Though Silverstone is a favourite track of the McLaren duo, it has not proved to be a happy hunting ground for either man: in almost twenty attempts between them, Button and Hamilton have secured just a solitary triumph on home soil - the latter's victory in 2008. Home advantage is assumed but not necessarily guaranteed - the burden of expectation can drown out even the most enthusiastic support. How will Jenson and Lewis cope with the pressure?
Can Di Resta stall Hulkenberg's revival?
And then there's the fortunes of the third Brit in the field to consider. Paul di Resta has impressed this term, but in Valencia it was Nico Hulkenberg who took up the mantle of lead Force India driver, beating the Scot in both qualifying and race trim. With the drivers' market poised to open for business, and Mercedes to consider Michael Schumacher's future over the next six weeks, Di Resta can ill-afford a repeat defeat to his team-mate this weekend.
How will Pirellis new tyres perform?
It's not a subject to set pulses racing, but every team will be closely monitoring the performance of the experimental hard compound Pirelli are introducing for Friday's practice sessions (the first time that a new compound will have been tried during a race weekend in 2012).
The one line guaranteed to focus attention is Pirelli's assurance that "our priority is to ensure that no one team is handed any particular advantage" by the new compound. Cue suspicion and counter-suspicion as every team strives to fathom which, if any, of them is favoured by the new rubber - and then, of course, insist that the answer isn't them.
Who will roll the dice on strategy?
There are two aspects of particular interest to this weekend's strategy choice: 1) Pirelli are yet to experience a dry British GP after last year's race started on intermediate tyres and none of the lead runners used the hard compound before its finish, 2) This week's selection of the hard and soft tyres means that, for only the second time this year, there will be a full 'step' between the available compounds.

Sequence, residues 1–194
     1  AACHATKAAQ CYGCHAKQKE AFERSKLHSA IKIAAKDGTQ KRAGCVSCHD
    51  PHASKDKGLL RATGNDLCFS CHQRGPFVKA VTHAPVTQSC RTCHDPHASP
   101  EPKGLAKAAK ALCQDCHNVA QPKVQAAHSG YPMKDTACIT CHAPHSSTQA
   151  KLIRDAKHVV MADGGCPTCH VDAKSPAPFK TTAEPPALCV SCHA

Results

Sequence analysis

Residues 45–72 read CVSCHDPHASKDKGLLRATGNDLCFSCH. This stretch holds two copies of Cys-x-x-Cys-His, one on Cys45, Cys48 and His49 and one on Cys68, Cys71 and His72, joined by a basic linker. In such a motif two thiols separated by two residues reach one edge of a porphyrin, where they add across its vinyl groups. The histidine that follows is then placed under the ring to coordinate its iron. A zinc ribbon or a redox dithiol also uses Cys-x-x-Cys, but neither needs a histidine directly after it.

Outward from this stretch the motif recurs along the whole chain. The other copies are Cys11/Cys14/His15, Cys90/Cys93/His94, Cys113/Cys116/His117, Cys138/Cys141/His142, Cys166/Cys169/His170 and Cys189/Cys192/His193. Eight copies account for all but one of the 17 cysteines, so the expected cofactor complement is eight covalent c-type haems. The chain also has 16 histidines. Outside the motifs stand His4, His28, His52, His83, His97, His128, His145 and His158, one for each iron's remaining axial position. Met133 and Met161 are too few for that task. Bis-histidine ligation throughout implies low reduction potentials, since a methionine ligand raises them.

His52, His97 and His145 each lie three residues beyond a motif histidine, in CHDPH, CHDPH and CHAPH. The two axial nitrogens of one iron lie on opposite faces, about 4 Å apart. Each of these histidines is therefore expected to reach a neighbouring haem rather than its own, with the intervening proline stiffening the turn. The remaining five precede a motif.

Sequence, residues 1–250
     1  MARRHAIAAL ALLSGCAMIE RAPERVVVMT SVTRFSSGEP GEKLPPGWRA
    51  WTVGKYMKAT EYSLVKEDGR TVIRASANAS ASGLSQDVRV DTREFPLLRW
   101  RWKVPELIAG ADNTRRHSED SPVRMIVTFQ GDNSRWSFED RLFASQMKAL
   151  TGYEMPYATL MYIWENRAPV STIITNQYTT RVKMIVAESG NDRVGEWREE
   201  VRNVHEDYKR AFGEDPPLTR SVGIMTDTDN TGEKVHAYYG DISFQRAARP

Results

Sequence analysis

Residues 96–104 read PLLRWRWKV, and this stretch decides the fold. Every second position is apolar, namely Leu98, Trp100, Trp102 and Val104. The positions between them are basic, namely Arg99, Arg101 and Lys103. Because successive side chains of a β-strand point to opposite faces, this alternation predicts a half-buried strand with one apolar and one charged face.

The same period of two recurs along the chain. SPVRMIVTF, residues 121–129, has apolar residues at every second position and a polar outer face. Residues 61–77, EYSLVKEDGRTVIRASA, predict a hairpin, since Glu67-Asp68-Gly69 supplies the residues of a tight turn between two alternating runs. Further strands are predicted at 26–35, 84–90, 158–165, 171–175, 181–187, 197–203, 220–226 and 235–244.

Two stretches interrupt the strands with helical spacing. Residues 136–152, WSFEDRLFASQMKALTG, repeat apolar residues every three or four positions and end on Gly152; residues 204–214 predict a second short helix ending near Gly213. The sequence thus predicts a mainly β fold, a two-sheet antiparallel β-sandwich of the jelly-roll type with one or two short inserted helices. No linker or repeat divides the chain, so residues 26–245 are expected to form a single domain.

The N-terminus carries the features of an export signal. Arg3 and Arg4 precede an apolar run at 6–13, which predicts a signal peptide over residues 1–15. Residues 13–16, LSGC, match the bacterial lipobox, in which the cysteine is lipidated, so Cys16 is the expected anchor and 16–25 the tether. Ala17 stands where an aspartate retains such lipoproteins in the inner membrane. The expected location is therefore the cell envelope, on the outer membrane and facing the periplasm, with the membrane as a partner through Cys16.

Even if it stays dry, the cool conditions should open up the full range of selection choices - meaning we could see a few cars one-stopping, some two-stopping and others three-stopping.
...And will the tyred mystery finally be solved?
Assuming conditions this weekend are - let's be diplomatic here - cool but also largely dry then they will surely be further grist to the mill as far as the teams' engineers are concerned, as they seek to understand Pirelli's fickle rubber.
Hitherto, the challenge of unlocking the Pirelli has been consistently hampered by a large variation in climatic conditions across a weekend, with Valencia the first to be entirely warm and sunny. Might three days' worth of consistently cool and cloudy weather aid them in unpicking the conundrum? Consistently dry conditions, though, seem a big ask.
Will Caterham reach the midfield?
A significant weekend is in the pipeline for Caterham with Heikki Kovalainen revealing the team believe their new parts will be worth "half a second to one second". Having talked up in pre-season their hopes of achieving a breakthrough into the midfield, Caterham have delivered a relatively disappointing campaign so far. But if this weekend's upgrades are as good as their estimated word, the Toro Rossos should finally be within their reach.
Will it rain?
No, on second thoughts, that's not a question. That's a certainty.
Pete Gill and Mike Wise